post #103 of 129
Maintaining flexibility or attaining a higher level of it while engaged in a lifting regimen is key. If you stiffen up/tighten up from weight lifting you're a sitting duck.
post #104 of 129
Quote:
Originally Posted by The Deacon View Post
Maintaining flexibility or attaining a higher level of it while engaged in a lifting regimen is key. If you stiffen up/tighten up from weight lifting you're a sitting duck.
I can think of something for the OP to try, but it would require changing his thread signature.
post #105 of 129
Quote:
Originally Posted by odoreater View Post
Does anyone have an opinion on weight training while training in muay thai, boxing, mma, etc.? A lot of people are of the belief that you should avoid weight training if you are training in martial arts (you will gain strength by practicing technique, and muscles will only slow you down and make you have to fight at a higher weight class, etc.).

I think what I'm going to do is work out with weights 1 day per week, alternating between these two routines:

Workout A:

Squat 3x5
Bench 3x5
Deadlift 1x5

Workout B:

Military Press 3x5
Row 3x5
Power clean 1x5

On other days when I'm doing my MT training, I have been doing things like kettlebell swings, sledge hammer swings, and working on technique/conditioning on the heavy bag at home.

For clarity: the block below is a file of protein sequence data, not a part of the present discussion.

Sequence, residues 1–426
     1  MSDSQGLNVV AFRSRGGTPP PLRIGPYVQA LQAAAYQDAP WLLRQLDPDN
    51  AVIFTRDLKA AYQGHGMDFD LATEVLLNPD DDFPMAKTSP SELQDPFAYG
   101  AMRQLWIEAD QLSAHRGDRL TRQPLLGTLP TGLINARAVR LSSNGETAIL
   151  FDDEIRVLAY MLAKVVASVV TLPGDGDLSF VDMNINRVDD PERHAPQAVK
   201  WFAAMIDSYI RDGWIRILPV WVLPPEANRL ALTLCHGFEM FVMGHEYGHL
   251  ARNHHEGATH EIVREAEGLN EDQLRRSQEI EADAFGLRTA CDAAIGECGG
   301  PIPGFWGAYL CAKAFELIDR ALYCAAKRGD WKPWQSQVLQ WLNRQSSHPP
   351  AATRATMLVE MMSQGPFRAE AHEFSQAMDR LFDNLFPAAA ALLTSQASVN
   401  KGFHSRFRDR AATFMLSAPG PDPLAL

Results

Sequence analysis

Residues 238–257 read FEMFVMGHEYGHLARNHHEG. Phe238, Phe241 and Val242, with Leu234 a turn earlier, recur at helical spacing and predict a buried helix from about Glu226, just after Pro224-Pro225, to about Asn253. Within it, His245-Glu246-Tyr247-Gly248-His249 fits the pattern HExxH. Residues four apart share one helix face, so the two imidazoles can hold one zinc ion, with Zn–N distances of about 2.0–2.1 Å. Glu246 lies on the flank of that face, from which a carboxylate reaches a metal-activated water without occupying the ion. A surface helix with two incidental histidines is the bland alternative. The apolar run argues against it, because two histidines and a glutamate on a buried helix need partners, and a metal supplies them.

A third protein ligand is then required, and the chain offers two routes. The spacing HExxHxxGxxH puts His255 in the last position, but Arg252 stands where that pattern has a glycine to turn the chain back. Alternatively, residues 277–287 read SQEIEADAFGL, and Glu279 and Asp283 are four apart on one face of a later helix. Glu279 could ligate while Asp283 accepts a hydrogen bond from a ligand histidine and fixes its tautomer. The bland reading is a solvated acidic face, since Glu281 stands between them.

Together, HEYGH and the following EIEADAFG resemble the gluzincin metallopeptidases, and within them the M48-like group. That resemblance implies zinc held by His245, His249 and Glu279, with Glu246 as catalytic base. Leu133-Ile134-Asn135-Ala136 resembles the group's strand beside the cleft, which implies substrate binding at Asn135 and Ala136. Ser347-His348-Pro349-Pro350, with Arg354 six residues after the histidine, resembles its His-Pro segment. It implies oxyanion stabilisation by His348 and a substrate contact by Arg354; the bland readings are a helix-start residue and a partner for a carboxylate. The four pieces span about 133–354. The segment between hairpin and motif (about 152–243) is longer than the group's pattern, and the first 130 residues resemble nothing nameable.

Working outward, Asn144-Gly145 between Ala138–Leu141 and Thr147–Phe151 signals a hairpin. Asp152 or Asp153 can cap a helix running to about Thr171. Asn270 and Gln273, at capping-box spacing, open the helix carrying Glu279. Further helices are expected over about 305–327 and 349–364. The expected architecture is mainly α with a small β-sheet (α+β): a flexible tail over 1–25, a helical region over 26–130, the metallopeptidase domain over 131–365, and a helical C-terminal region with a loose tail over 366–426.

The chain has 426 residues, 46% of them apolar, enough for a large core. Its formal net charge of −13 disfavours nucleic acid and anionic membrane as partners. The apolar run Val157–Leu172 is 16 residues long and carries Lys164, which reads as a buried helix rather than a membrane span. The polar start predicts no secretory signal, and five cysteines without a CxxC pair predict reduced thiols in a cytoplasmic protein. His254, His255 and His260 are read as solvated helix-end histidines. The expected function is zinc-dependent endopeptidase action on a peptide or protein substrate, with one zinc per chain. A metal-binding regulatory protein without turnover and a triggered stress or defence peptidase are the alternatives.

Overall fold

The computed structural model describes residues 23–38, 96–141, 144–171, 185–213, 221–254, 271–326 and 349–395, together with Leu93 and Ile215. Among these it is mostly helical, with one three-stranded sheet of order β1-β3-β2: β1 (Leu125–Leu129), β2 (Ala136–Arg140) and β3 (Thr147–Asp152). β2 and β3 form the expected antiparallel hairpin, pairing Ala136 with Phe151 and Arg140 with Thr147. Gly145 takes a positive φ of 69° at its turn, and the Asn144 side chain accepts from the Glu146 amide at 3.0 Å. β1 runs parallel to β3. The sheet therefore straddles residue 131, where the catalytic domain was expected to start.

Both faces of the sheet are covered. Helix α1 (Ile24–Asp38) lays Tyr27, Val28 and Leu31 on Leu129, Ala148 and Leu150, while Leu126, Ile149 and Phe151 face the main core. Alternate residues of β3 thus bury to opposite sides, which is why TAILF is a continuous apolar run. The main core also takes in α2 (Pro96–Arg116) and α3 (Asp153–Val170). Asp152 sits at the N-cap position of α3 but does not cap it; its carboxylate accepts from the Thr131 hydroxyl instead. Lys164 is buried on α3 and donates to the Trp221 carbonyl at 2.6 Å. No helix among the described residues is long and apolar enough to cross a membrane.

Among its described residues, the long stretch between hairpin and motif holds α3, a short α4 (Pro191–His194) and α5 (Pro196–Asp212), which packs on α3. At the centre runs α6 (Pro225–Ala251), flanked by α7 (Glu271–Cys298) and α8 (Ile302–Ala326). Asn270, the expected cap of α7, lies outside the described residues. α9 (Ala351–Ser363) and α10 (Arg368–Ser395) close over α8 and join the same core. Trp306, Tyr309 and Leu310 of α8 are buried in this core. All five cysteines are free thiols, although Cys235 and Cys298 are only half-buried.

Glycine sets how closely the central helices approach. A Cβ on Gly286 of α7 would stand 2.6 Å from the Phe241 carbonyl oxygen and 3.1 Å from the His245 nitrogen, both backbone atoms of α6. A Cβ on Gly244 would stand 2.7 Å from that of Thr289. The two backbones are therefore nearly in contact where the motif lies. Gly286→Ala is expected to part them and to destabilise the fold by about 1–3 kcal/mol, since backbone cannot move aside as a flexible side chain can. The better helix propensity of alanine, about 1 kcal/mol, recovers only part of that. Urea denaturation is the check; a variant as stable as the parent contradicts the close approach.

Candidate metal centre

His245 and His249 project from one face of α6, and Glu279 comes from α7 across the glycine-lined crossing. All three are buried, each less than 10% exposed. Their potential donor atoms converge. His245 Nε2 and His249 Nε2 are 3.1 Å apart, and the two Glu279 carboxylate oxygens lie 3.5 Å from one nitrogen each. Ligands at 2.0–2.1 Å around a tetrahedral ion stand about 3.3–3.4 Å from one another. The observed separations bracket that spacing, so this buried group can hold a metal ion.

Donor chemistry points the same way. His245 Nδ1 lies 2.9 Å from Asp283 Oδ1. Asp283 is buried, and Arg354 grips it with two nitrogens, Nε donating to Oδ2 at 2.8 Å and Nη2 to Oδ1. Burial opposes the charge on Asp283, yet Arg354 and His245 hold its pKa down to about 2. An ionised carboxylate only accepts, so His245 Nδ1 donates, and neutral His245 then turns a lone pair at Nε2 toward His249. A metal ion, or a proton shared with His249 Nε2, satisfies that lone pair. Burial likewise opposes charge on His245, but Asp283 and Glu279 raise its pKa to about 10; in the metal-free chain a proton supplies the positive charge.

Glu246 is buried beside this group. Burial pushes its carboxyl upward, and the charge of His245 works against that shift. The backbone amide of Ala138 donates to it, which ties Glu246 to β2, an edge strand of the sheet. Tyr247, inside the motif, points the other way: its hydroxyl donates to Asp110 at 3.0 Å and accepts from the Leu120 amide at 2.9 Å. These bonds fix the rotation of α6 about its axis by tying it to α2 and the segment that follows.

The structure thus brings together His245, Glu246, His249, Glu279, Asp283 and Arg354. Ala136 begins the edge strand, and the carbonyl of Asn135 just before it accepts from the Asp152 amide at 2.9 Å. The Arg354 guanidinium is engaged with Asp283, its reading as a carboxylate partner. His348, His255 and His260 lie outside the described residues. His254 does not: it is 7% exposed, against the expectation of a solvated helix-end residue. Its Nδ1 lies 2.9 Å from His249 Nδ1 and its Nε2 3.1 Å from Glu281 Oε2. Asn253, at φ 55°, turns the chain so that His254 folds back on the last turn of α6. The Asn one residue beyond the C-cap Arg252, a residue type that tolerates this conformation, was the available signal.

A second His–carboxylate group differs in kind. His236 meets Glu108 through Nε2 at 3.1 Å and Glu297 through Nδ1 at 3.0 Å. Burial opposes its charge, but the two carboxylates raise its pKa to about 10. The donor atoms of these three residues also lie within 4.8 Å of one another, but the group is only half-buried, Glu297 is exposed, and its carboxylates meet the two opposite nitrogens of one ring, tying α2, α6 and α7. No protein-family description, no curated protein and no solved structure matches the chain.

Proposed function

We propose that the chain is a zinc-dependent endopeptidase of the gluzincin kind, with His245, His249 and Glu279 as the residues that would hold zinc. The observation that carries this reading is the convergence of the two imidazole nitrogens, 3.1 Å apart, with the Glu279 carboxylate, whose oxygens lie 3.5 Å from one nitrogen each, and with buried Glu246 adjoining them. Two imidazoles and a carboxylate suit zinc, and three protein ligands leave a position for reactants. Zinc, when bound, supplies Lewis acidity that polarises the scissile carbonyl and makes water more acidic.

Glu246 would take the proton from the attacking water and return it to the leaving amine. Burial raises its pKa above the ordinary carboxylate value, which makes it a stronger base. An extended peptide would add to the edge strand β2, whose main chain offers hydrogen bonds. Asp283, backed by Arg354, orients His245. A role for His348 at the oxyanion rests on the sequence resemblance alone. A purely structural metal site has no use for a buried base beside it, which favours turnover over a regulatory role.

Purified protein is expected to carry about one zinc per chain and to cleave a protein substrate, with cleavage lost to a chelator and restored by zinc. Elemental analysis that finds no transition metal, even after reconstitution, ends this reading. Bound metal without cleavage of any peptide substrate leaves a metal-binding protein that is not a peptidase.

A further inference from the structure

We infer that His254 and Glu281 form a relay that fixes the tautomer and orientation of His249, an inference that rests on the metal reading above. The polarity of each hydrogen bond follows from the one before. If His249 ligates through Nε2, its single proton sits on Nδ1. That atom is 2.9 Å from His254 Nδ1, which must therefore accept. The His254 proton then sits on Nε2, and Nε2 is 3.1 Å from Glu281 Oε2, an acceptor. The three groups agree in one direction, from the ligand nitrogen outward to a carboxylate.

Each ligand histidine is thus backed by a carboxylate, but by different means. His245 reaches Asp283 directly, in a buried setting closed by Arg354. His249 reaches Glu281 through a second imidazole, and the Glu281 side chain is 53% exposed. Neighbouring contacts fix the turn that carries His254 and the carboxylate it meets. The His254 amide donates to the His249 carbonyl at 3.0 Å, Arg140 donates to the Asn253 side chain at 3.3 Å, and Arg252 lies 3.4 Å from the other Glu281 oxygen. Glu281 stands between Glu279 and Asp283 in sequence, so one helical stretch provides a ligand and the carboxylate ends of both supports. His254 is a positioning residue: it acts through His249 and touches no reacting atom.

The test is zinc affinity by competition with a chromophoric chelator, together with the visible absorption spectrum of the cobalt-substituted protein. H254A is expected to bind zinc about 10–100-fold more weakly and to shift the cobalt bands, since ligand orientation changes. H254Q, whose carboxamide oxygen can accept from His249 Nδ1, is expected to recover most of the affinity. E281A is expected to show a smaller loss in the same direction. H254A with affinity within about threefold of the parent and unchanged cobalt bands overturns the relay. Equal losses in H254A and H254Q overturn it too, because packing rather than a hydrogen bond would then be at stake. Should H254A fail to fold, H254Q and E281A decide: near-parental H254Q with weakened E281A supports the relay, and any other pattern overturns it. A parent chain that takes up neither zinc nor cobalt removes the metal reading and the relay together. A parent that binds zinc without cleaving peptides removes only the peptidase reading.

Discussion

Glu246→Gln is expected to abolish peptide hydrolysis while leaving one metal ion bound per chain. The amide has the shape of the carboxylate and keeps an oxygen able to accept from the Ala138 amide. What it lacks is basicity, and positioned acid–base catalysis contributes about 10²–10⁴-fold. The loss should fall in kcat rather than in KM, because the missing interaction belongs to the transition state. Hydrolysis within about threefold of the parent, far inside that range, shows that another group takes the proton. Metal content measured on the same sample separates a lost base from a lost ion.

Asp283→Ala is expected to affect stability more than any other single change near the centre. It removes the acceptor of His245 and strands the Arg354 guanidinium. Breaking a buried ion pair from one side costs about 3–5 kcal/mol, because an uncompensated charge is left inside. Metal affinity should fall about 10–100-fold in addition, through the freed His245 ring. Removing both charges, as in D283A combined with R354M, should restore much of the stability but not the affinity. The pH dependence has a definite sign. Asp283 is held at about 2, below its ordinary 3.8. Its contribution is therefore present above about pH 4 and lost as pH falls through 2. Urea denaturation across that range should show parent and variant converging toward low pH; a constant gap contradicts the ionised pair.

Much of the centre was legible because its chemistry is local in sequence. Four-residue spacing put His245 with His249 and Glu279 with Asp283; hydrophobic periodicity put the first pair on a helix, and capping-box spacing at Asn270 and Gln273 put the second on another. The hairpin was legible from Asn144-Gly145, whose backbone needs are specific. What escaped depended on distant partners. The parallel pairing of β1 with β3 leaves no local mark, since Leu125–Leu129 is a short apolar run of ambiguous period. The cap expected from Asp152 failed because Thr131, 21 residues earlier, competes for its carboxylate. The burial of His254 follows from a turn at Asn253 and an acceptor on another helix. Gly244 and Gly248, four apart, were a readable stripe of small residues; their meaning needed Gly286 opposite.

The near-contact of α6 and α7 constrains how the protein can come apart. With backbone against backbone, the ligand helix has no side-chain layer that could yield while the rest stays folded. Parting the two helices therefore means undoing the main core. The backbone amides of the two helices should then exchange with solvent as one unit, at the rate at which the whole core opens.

Any thoughts?


1. I'd differentiate between kettlebells and weights. pretty much any martial artist can benifit from kettlebells. kettlebells aren't about getting big, they support exactly what you need as a martial artist, in my opinion.

2. weights - this sort of comes down to the same basic issue as the "what's the perfect military body" thread. you want to think about what you do well and what you want to have as your strengths and weaknesses. I am slow, and I have short reach, but I have a lot of strength. no matter how much I work at speed and reach, I will be weak on those. but I have an arsenal of good solid blows. so for me, I still like to do some strength work. (I still need to work hard on my wind, but that is another story).


3. if you are seriosly thinking about what weight class you are going to be fighting in, then you are beyond my ability to offer sound advice. good luck.